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Yoga Sutras: 1.3 The Seer abiding in Itself

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  • Swami Jnaneshvara Bharati
    Yoga Sutras: Sutra 1.3: http://www.swamij.com/yoga-sutras-10104.htm#1.3 (Useful graphics are shown at this link along with text) YOGA SUTRA 1.3: Then the Seer
    Message 1 of 1 , Jun 18, 2005
      Yoga Sutras: Sutra 1.3:
      (Useful graphics are shown at this link along with text)

      YOGA SUTRA 1.3: Then the Seer abides in Itself, resting in its own
      True Nature, which is called Self-realization.
      (tada drashtuh svarupe avasthanam)

      TADA = then, at that time; at the time of concentration and meditation

      DRASHTUH = the seer's, of the soul, witness, Atman, Self; from the
      root drsh, which means to see (It is significant to note that
      Patanjali is not trying to define who is the seer, or the nature of
      that seer. This is left to be answered or resolved in direct

      SVARUPE = in its own nature, own form or essence; (sva = own; rupa =

      AVASTHANAM = stability, settling, remaining, being in a state,
      resting, standing, lying, abiding; the root stha means to stand

      THEN THE SELF STANDS ALONE: As a result of having done the process of
      nirodhah, described in the last sutra, the true Self stands alone,
      unencumbered by our many false identities (described in the next
      sutra). This standing alone process is why the phrase Self-
      realization uses the word realization, rather than a word like
      attainment. The process is not one of attaining something we do not
      have, but rather is one of removing the clouds, so as to see the
      light that is already there.

      The wave forgets the truth that it is ocean,
      thinking itself to be the grand shape,
      which it has temporarily taken.

      For a while, it takes on the rupa (form) of wave.
      Finally, it remembers its true rupa (form) of ocean.

      The two coexist, though one is true, and the
      other, though beautiful, is only relatively true.

      So too, we humans forget our true nature,
      but, through yoga, can remember.

      AWARENESS REMAINS UNCHANGED: In deep meditation, you come to see that
      while the thought patterns shift here and there, ever changing their
      shape, the way that the waves on the ocean keep shifting, the
      awareness itself never changes. There is a constant, ever flowing,
      ever being awareness that simply is, that observes or witnesses. In
      meditation, this same truth is realized over and over, as layer after
      layer, level after level of mental process is revealed and seen to be
      like the deeper shifting of the ocean waves. The awareness itself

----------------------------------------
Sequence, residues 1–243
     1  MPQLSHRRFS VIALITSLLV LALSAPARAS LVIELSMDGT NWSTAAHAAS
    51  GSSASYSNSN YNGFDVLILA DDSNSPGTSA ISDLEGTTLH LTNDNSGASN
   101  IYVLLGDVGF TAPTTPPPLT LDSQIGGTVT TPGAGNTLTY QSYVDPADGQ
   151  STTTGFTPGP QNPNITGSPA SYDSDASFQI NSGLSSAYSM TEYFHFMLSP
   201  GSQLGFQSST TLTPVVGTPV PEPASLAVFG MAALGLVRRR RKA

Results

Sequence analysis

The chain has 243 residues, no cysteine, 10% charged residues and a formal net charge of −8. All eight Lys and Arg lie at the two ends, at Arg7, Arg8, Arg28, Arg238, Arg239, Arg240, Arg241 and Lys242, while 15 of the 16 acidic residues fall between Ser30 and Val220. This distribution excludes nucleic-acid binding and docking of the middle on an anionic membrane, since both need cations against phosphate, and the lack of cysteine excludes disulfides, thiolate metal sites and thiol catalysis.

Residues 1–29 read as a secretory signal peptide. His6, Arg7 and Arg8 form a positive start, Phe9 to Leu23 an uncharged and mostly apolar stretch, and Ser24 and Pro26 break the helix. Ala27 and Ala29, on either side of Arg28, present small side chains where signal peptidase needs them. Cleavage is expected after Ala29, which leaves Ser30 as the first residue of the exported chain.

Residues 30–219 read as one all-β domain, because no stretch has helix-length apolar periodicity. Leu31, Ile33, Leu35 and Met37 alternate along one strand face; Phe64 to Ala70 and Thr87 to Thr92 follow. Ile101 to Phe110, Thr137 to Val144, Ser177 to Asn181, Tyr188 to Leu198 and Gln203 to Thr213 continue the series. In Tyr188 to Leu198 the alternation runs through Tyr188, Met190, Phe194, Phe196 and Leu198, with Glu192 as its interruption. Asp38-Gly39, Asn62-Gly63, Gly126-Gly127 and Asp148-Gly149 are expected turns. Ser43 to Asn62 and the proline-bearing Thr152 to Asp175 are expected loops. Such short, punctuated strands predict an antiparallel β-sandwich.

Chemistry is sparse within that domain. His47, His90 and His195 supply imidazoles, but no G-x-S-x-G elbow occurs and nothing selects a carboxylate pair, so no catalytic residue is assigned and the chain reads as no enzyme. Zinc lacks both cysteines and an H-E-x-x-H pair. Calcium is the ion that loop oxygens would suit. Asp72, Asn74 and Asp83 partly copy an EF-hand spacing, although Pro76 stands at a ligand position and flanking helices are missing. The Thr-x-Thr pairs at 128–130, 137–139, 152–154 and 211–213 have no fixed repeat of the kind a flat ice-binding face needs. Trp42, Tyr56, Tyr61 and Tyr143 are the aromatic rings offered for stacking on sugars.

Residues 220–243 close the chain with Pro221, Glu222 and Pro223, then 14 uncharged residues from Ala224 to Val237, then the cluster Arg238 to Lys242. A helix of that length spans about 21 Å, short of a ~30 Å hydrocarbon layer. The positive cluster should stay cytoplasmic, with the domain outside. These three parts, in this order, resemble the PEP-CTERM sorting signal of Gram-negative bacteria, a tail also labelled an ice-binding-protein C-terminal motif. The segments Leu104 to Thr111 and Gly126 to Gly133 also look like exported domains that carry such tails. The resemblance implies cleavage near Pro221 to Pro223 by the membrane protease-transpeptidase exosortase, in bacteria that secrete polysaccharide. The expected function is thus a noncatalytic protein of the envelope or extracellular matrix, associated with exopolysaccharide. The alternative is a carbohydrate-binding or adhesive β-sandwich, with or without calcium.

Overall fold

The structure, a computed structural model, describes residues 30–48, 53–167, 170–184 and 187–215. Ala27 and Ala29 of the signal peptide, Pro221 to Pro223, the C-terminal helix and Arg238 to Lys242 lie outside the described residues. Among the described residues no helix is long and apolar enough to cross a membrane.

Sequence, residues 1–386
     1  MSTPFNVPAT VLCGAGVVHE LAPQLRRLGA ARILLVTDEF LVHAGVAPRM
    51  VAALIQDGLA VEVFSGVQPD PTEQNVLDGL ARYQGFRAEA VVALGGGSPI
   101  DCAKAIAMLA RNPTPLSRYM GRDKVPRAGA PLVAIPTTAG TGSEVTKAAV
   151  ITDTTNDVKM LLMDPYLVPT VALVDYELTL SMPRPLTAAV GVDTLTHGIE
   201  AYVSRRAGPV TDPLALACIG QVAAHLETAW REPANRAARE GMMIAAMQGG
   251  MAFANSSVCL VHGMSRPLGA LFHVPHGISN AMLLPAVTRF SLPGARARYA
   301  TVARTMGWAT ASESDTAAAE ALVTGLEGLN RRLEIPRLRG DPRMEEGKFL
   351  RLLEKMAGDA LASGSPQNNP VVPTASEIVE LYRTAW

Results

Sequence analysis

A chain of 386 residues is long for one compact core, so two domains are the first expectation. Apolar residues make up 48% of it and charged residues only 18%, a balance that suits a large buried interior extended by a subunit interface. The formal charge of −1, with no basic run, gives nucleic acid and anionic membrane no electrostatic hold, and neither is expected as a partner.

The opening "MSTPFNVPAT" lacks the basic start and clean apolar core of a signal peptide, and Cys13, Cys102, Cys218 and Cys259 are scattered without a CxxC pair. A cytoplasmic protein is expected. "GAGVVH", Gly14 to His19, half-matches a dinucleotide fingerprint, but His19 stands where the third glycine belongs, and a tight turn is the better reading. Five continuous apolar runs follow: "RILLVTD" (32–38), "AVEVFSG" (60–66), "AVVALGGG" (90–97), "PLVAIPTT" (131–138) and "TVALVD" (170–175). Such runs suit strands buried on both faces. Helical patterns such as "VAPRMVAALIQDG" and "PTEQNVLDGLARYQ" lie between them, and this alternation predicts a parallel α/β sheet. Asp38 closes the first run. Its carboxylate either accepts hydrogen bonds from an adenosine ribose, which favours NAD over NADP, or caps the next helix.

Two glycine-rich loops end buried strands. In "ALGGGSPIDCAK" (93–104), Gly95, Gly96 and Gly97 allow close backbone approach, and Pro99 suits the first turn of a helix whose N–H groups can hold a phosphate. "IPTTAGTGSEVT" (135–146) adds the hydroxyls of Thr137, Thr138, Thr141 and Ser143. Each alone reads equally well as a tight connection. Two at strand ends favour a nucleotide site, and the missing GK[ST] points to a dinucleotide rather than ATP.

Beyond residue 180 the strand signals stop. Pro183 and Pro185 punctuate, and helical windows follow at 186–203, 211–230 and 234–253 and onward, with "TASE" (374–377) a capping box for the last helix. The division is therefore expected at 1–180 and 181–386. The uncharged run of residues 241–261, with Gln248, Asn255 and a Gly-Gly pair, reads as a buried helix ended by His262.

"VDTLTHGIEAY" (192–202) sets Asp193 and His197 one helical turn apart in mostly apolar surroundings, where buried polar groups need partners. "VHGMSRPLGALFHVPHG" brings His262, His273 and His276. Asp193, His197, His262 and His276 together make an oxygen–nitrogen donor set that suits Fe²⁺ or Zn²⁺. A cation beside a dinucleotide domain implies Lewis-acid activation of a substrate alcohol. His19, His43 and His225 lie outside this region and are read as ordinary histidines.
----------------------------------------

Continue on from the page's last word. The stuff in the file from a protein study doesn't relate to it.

remains unchanged, and will become clearer and clearer as the center
      of consciousness that stands alone, though part of all the levels it

      THE SEER: The word drastuh means seer or witness. The word seer does
      not give you a theological or metaphysical description or definition
      of who you are. This is one of the beautiful qualities of Yoga and
      the Yoga Sutras. There is nothing in the word seer to believe or not
      believe. By saying that the seer rests in its true nature after
      transcending the many forms of thought patterns in the mind field
      (1.3), one can simply do the purifying practices and personally
      experience the results. In English translations, the word drashtuh is
      often given meanings such as Self, Soul, or Atman (such as in the
      translations above). This provides some clarity or speculation of the
      nature of this seer, but it is useful to remember that Patanjali is
      not actually telling you what is the nature of your true self, but
      that the seer will be experienced in itself, in its true nature,
      whatever or however that is ultimately experienced and described by
      each person.

      EXPERIENCING THE SEER IN ITS OWN NATURE: Similarly, the word svarupe
      means in its own nature. Here also, Patanjali is not giving a
      definition of your true nature. Once again, there is nothing to
      believe or not believe. Through practice and non-attachment (1.12-
      1.16) and transcending the many mistaken identities (1.4, 2.5), you
      come to the direct experience of your own nature. Yet, most of us are
      curious and want to hear or read about the descriptions of this true
      nature, leading us to speak of, and to describe Self, Soul, or Atman,
      etc.. While we use, describe, and discuss these terms it is, again,
      most useful to keep in mind that Yoga actually refers to it simply as
      the seer, which is resting in its true nature, allowing direct
      experience to reveal what this is.

      PURUSHA AND PRAKRITI: The process of realization through Yoga rests
      on the discovery of pure consciousness (purusha) as separate from all
      the many false identities, which are considered to be evolutes of
      primal matter (prakriti). These principles of purusha and prakriti
      are part of the philosophical system known as Sankhya. Yoga and
      Sankhya are two of the six systems of Indian philosophy.


      Six Schools of Indian Philosophy

      Prakriti and Its Evolutes: Returning to Self-Realization

      Yoga rests on discriminating between Purusha and the false identities
      of Prakriti. While this process of discrimination permeates the whole
      of the Yoga Sutras, the following three clusters of sutras will
      clarify the way discrimination relates to practices and realization:

      The 8 rungs and discrimination (2.26-2.29)

      Higher discrimination (3.53-2.56)

      Buddhi and liberation (4.22-4.26)
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